WILLARD:  At times, Yes. But other times, I'm just happy to be working too. There are spells were I don't do anything. Then there are times where I'm very busy.   I've taken the easy road so many times. I've came up with great ideas for projects, and then someone would say, "that's stupid", and I'd give up on it. So throughout my career, I've been lacking tenacity. Over the years, I've written film scripts, and television pilots. But I haven't done too much with these ideas. I wrote a movie a few years ago, that I really loved about a guy that goes down to a fantasy baseball camp and befriends Mickey Mantle. I thought it was a funny script. But then Mantle died. A friend of mine is trying to convince me to do it but with Pete Rose. But it's just not the same. I've got a comedy that I wrote a while back about triathletes as well. Maybe I'll do something with those soon. I don't know.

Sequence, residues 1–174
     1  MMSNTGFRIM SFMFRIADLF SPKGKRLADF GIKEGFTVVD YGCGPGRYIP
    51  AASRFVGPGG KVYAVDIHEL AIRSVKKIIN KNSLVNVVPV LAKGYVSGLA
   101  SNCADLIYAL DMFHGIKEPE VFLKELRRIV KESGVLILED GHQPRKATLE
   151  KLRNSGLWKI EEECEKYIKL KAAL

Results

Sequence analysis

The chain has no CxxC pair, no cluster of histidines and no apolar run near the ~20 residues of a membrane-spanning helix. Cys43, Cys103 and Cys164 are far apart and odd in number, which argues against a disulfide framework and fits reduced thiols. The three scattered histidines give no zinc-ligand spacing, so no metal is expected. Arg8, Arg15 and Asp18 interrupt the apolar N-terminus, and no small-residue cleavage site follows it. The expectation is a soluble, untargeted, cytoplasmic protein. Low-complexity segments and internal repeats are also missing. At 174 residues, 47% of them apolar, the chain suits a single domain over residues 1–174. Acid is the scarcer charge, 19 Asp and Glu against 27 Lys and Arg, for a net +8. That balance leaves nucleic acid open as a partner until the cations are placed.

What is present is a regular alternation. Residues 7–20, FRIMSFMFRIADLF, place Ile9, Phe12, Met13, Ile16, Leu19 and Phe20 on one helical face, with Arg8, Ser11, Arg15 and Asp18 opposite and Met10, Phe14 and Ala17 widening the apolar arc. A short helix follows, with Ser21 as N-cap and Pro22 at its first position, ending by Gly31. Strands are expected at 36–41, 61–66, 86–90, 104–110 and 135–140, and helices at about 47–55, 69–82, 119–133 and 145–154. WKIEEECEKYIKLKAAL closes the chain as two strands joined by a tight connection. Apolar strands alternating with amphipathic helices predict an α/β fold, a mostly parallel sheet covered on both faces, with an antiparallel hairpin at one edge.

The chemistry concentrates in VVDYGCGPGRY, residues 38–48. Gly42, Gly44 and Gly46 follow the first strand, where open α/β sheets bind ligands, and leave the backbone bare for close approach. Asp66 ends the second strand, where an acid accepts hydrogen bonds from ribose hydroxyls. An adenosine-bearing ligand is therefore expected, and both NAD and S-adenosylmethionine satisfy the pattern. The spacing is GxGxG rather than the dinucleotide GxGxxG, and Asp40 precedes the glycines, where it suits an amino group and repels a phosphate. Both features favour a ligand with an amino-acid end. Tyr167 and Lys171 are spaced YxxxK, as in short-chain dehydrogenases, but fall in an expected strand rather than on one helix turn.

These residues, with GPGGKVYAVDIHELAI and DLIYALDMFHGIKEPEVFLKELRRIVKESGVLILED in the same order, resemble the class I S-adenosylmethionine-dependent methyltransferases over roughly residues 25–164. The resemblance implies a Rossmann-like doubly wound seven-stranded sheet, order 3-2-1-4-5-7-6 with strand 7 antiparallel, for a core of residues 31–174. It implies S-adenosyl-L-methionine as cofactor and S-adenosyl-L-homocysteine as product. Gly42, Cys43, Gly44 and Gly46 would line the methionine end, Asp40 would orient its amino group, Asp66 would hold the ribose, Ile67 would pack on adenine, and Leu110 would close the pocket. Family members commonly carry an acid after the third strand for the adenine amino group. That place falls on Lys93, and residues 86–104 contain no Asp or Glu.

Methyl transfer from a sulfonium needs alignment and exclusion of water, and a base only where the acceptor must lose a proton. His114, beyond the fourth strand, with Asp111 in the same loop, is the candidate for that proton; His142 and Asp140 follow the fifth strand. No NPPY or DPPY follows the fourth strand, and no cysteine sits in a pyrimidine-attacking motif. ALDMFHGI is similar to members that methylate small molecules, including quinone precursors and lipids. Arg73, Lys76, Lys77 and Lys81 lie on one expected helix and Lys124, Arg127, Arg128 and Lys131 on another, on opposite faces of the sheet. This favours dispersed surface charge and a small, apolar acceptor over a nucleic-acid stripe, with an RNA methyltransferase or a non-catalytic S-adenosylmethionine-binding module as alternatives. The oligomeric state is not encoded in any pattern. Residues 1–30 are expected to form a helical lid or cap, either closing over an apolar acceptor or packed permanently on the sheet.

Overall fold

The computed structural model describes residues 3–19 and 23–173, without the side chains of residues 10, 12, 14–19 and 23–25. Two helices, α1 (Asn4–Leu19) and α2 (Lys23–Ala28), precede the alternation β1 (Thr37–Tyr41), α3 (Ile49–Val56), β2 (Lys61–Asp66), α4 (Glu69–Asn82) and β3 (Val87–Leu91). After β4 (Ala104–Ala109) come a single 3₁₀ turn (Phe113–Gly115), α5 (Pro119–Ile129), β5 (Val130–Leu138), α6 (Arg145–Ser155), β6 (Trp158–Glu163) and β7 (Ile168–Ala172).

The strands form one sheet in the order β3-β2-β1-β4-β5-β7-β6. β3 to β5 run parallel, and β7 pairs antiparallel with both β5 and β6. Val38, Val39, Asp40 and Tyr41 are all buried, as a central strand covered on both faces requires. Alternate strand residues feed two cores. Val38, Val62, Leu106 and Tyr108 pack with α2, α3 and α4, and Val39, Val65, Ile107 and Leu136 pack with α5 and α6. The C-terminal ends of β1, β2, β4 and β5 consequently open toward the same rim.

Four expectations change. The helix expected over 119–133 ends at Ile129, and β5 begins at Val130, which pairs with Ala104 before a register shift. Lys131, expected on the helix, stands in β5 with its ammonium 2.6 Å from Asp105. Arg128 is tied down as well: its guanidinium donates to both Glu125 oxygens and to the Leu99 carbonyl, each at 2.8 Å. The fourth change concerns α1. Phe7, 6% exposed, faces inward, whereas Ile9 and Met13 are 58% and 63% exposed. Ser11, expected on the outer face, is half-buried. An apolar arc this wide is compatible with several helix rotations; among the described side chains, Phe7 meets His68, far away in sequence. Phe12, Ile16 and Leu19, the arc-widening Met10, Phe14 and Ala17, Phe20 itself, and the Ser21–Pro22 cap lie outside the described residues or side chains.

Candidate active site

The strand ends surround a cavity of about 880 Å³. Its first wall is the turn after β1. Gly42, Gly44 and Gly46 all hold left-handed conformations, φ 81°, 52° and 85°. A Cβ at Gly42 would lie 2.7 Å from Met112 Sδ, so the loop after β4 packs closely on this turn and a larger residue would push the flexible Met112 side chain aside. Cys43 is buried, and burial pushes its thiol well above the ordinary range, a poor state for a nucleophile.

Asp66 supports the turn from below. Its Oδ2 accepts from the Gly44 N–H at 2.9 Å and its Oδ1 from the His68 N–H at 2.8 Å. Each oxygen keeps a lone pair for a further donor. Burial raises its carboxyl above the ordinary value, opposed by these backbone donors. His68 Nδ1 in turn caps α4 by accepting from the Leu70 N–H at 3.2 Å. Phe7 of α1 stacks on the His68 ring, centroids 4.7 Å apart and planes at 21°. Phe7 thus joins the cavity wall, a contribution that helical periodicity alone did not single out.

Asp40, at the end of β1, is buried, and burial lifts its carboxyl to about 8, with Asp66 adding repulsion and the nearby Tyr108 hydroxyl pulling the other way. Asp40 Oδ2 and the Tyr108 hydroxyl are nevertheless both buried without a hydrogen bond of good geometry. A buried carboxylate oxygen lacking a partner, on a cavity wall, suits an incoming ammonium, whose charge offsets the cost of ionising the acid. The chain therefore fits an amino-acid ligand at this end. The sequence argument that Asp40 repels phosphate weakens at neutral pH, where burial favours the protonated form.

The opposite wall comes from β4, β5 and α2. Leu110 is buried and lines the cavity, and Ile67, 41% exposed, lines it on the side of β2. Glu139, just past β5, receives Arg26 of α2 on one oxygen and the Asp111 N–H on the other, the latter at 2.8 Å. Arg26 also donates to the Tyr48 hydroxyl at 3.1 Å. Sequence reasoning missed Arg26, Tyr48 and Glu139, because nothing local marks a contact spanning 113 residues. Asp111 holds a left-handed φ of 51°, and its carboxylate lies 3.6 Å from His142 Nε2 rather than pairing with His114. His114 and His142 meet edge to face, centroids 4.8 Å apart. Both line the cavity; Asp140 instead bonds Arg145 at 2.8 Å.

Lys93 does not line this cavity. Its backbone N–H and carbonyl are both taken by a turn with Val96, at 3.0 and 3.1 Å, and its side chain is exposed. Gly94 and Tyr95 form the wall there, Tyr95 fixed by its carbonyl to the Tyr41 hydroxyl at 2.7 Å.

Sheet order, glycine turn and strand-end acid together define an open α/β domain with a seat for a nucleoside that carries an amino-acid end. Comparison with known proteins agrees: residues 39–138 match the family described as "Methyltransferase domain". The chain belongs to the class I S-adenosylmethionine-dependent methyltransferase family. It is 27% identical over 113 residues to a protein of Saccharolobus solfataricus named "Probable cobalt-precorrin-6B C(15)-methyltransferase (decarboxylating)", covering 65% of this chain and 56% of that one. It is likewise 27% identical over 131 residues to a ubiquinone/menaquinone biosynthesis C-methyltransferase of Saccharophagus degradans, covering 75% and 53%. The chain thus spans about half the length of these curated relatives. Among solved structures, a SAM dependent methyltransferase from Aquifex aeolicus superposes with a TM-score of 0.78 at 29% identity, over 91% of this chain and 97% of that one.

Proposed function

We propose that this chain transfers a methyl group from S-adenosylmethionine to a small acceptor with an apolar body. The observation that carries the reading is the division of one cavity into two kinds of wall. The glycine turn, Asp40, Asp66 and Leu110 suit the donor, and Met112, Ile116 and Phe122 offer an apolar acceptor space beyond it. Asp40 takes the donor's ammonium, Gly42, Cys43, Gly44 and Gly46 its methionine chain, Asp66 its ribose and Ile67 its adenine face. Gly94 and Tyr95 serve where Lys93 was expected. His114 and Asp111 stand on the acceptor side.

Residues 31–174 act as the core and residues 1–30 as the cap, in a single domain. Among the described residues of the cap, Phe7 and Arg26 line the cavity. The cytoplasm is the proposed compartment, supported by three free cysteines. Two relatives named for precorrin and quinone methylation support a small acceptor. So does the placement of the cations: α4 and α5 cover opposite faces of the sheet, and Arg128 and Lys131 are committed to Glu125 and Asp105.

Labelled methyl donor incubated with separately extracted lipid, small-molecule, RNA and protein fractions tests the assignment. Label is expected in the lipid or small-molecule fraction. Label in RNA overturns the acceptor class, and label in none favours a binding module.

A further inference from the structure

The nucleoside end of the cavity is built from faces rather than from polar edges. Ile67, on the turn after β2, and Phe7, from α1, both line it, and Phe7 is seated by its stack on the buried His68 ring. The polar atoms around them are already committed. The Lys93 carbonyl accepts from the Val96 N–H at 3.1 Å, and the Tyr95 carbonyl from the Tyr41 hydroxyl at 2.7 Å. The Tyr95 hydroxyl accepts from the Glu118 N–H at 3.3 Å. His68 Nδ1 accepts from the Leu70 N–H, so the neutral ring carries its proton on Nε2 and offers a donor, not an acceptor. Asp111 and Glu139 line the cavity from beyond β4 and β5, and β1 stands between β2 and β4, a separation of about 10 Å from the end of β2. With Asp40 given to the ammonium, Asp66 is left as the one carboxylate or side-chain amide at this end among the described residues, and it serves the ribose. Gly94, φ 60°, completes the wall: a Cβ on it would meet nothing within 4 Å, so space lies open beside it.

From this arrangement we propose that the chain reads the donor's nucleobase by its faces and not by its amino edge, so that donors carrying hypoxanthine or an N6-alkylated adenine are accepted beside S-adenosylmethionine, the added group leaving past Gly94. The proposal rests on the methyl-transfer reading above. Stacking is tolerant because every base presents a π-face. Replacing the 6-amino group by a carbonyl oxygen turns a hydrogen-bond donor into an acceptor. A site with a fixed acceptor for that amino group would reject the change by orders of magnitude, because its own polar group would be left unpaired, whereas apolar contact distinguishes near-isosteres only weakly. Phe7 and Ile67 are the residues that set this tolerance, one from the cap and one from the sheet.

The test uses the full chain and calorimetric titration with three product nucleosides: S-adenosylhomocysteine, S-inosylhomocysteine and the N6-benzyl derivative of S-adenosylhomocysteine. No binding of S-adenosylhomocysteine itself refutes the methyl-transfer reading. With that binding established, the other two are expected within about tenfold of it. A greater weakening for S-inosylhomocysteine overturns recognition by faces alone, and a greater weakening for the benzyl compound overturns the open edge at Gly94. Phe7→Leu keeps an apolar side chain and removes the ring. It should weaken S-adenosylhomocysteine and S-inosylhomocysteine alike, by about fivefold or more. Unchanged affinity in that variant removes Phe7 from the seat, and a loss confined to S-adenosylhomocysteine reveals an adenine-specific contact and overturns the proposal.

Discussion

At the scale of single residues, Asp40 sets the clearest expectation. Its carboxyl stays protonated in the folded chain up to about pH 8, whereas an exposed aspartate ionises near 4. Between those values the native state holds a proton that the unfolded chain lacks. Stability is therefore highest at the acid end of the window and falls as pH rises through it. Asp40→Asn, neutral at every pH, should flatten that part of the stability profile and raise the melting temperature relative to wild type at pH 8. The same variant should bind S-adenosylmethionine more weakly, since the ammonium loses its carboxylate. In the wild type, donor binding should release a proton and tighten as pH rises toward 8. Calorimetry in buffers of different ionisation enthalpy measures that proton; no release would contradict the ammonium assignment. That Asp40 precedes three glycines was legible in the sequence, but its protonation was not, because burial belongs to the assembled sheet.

Interview Conducted By: Justin Bozung